Category — Exhibits
As our global climate continues to change, we are already seeing reports and photos of polar bears with decreased body condition. How can scientists track that trend in a consistent manner across the polar bear’s range over the long term? That’s a problem scientists with Polar Bears International (PBI) are working to solve.
The Body Condition Project is a pilot program to develop tools that non-invasively gather information on the body condition of polar bears. Conceived by PBI’s chief scientist, Dr. Steven C. Amstrup, it is being conducted in cooperation with the University of Wyoming and Purdue University, with support and participation of animal care and research teams at the Cincinnati Zoo & Botanical Garden, North Carolina Zoo, Point Defiance Zoo and Aquarium, Utah’s Hogle Zoo, the Indianapolis Zoo, and the Maryland Zoo in Baltimore.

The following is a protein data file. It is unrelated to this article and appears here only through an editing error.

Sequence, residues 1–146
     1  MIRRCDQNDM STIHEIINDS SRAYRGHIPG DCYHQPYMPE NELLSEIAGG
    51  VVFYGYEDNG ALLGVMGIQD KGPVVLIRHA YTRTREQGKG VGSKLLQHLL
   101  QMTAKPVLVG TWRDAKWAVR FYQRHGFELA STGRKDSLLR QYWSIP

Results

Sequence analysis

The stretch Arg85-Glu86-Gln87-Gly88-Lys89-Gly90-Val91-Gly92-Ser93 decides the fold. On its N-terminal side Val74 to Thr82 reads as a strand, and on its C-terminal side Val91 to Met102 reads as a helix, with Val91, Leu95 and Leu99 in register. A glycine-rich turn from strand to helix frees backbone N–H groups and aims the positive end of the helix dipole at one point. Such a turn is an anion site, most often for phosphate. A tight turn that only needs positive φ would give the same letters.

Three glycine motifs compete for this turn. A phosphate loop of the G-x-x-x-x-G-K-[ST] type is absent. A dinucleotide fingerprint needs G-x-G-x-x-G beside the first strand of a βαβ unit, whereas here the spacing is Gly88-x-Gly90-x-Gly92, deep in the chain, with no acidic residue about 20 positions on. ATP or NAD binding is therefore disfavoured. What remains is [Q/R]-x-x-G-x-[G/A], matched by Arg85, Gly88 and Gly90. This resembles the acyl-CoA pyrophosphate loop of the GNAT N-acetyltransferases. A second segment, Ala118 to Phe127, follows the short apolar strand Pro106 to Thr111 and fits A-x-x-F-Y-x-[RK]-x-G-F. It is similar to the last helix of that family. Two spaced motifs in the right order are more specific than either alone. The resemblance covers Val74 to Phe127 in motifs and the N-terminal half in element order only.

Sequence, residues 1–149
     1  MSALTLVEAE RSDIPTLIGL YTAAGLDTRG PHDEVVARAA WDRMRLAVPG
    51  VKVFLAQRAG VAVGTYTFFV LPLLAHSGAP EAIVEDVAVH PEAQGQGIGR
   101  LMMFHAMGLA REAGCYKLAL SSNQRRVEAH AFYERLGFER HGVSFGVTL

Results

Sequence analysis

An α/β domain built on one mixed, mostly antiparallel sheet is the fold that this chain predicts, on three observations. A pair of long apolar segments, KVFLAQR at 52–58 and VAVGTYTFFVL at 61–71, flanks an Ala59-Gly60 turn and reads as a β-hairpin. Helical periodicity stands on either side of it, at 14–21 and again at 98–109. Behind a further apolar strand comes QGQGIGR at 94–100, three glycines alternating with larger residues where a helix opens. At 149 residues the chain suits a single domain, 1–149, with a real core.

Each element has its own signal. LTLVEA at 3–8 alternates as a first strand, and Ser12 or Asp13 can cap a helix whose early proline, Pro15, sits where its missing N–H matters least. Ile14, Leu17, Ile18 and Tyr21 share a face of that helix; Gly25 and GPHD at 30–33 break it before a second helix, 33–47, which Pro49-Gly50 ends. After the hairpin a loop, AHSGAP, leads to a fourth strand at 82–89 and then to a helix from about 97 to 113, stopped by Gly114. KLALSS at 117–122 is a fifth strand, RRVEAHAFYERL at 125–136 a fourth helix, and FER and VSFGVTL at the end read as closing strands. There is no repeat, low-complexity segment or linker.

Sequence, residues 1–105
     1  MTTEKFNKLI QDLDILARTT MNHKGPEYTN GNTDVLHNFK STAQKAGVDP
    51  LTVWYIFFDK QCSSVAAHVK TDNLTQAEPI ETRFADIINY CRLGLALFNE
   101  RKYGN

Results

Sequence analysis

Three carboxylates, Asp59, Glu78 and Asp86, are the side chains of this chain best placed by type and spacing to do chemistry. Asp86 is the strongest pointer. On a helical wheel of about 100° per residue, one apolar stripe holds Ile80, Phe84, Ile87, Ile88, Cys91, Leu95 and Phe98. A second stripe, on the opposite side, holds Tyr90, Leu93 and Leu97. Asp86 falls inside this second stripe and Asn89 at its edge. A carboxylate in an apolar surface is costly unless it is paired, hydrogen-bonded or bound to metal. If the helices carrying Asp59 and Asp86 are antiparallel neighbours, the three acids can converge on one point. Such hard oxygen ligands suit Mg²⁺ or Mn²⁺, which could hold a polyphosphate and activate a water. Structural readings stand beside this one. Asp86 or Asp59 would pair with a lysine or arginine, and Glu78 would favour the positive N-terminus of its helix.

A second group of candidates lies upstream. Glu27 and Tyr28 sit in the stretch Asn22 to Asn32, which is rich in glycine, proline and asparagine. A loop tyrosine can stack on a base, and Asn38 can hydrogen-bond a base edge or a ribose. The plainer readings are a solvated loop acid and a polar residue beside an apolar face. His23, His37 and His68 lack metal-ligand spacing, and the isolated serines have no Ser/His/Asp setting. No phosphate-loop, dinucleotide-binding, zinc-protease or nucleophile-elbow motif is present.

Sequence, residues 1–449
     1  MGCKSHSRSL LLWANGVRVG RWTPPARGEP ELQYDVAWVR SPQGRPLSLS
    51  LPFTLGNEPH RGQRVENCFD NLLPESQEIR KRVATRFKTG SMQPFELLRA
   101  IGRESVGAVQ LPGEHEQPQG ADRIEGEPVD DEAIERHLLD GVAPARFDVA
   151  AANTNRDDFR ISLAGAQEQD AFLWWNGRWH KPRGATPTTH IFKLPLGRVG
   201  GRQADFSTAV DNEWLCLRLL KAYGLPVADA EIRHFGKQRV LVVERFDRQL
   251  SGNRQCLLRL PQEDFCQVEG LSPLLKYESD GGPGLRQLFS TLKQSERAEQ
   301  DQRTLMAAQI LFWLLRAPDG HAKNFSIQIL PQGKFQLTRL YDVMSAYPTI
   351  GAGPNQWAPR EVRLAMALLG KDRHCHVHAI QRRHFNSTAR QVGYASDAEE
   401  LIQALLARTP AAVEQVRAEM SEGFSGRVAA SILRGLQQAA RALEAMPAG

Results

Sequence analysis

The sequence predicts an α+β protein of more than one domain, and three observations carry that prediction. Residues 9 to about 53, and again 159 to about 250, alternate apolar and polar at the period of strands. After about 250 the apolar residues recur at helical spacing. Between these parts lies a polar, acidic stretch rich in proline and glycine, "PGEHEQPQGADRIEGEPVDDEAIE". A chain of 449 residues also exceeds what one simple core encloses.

PBI has developed a Body Condition Index (BCI) card, which provides a standardized way to rate bears in the field through visual observation, and in some cases palpation or touch (if they are safely sedated). Over time, consistent records of body condition across years and regions will help scientists monitor individual condition, as well as how broader populations may be affected by large-scale environmental change, including loss of sea ice due to climate change.
As an Arctic Ambassador with PBI, we often facilitate research projects like the Body Condition Project that help us better understand and conserve polar bears. Last week, Marissa Krouse from PBI came to the Zoo to take 3-D photographic images of our female polar bear, Berit. The images will be compared to physical measurements we take of Berit while she’s under anesthesia in two weeks. This information will be used to improve the ability to assess the body condition of wild bears.